So many times during the weekend, I was pinching myself to be back so unexpectedly in London. I had told myself at the end of last season that I had really seen everything I wanted to see in London, but being back has done nothing but give me a much longer list of sights I want to see.
Likewise, getting back to the Emirates and into our familiar seats was a quick reminder of how much it feels like the place we should be. I did not let me mind rest on it much in the six weeks between the end of last season and my husband insisting that we reconsider due to Brexit, and I didn’t think about it very much even after we understood we could have the tickets and waded through the draft for tickets and payment for them. But riding the train to the match, and walking out of Arsenal station, and across the Ken Friar Bridge, and taking the requisite picture of Tony Adams’s statue, and looking up at the people in the beer garden from street level, and later down at the people at street level from the beer garden, all of these things were like one extended Homecoming.
The match itself was nothing to write home about, but this is a blog, so what choice do I have? Arsene Wenger had a few new options to work with after his late buying spree during the transfer window, and he rather quickly put them to work. Arsenal have a Champions League match on Tuesday, so he rested some people who were away on international duty for the past few weeks. New boys Shkodran Mustafi and Lucas Perez both were put right into the starting lineup. We should say “new men” per Arsene’s commentary that he now had men to work with.
What is also true is that he has a number of options for each position which means that, at this early point of the season, the many options are not necessarily gelled as a team. They did not gel much on Saturday either, although both of the new guys did all right. Perez had little service and couldn’t accomplish much, but Mustafi was hugely influential in the match. One of his first touches produced a mistake, and fans around us were quick to note his £35 million price tag. He also had a later gaffe where he whacked the ball over the end line so far from the most advanced forward, there was no way any Arsenal player was going to come near it. My husband deadpanned, “I could do that for half the price.”
But in the end Mustafi had a decent first day, with many touches and passes, and solid defending. It must be said that Southampton got through on far too many occasions and we were saved only by bad shooting on their part.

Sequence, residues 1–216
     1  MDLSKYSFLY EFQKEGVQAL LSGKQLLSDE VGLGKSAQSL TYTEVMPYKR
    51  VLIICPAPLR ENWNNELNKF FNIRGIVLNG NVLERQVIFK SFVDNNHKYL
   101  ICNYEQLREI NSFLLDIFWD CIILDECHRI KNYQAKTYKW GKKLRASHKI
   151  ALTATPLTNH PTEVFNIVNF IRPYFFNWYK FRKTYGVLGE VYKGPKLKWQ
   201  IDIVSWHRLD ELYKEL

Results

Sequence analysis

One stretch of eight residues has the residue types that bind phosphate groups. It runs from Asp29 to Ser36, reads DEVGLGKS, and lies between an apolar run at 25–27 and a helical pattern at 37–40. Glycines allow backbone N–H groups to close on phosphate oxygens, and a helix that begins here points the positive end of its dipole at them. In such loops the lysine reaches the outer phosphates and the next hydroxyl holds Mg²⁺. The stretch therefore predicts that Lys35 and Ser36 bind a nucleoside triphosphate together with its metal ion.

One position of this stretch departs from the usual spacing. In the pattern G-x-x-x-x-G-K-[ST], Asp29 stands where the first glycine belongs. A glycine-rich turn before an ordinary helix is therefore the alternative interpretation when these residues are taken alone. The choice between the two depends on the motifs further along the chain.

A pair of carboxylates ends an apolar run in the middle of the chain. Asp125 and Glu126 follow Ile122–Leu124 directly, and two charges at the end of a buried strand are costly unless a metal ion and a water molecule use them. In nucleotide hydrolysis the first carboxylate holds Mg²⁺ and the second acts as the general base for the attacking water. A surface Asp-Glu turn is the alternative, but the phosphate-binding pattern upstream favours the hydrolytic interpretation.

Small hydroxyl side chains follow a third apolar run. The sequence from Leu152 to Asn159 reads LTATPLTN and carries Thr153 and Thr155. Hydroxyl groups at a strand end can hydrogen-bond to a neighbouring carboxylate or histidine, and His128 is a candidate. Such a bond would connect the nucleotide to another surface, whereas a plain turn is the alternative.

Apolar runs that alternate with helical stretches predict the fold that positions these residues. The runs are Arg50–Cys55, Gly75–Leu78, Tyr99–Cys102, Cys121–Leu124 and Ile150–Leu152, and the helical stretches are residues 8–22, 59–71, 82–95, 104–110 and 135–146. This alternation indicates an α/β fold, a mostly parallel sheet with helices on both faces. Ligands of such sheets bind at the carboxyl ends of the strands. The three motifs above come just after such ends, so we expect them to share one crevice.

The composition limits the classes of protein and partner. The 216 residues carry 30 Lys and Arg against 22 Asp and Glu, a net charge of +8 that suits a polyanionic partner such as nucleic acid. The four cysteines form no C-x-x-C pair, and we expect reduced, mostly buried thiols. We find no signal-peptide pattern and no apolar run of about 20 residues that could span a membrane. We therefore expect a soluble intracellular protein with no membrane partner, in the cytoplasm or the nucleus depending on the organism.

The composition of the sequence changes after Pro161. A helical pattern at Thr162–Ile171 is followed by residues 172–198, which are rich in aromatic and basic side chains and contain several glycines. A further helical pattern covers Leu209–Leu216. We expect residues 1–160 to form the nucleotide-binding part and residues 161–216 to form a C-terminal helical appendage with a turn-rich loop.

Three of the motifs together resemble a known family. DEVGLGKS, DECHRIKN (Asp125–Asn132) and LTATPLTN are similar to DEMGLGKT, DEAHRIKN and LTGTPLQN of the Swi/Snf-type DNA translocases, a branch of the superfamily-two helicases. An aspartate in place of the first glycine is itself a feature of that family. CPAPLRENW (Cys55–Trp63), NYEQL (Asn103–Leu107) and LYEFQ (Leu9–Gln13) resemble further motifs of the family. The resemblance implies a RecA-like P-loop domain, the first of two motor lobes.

Southampton scored the first goal after a fairly dominant start, courtesy of a free kick just outside the area on a presumed foul by Nacho Monreal. We Arsenal fans say it was a referee error on a Southampton dive, but the morning newspapers failed to mention that part. Hmmmm….. What the papers did mention is what happened next. The shot was deflected onto the bar by Arsenal goalkeeper Petr Cech, and bounced off of his prone body into the goal. Ugh.
After a long time, Arsenal got a goal on a corner kick, a bobble producing a beautiful bicycle kick by defender Laurent Koscielny. In the stands, it took us a while to figure out who had scored the goal….we were pretty sure none of our strikers could produce a beauty like that.
Arsenal did much better for a while after that. Blood was in the water and everybody knew it. But it was in the water so long, it was as if the sharks just got confused.
The match was nearly over and we were heading for a 1-1 tie when Olivier Giroud, who’d been substituted on for Perez, was dragged down in the box. The referee pointed to the spot, and everybody worked on icing Santi Cazorla, who was holding the ball at his hip before placing it to take the shot. We fans were singing his name, and a couple of Southampton players were subversively scarring up the spot where the ball was to be placed before the shot. Meanwhile, Laurent Koscielny was writhing in the ground in pain, having taken a hit in the face right before all of this went down.
But Santi put the shot in, right down the middle, the way he usually does, and for some reason gets away with. He didn’t miss the Southampton goalkeeper’s feet by much. We had to hold on for what felt like a million minutes, but could only have been about two.
It wasn’t a pretty match, but we came away with the win. Job done.
Then my husband and I went from the North Bank of the Emirates to our neighborhood near the Thames and found a nice restaurant called Northbank. Northbank had a fabulous view of the Thames and the Shard. I had the hake and my husband had risotto, and we shared mushroom arancini. The restaurant also gave us a lovely cup of mushroom soup with truffle oil and a tiny Brownie. Right up there with the best five or so meals we’ve had in London.
We took the bus over to Trafalgar Square to attend the Mozart Requiem at St. Martin of the Field cathedral, a terrific space for this piece. The Requiem features instrumental and vocal music, both lovely. The Requiem was dark and beautiful, then hopeful and beautiful, and then defiant and beautiful. My husband wished afterward that he’d brushed up on his Latin to understand the piece better, but I had no Latin or knowledge to brush up on. I enjoyed it very much, even if my interpretation of it turns out to be dead wrong.
We went back to St. Paul’s area and had dessert at Café Rouge. I had the Eton Mess which is this yummy ice cream concoction with bits of meringue and fresh berries mixed in. My husband had Stella Artois for his dessert.
We took a walk across the Millennium Bridge and watched fireworks over the O2 Arena, feeling great on a damp London night with three precious points in the bag.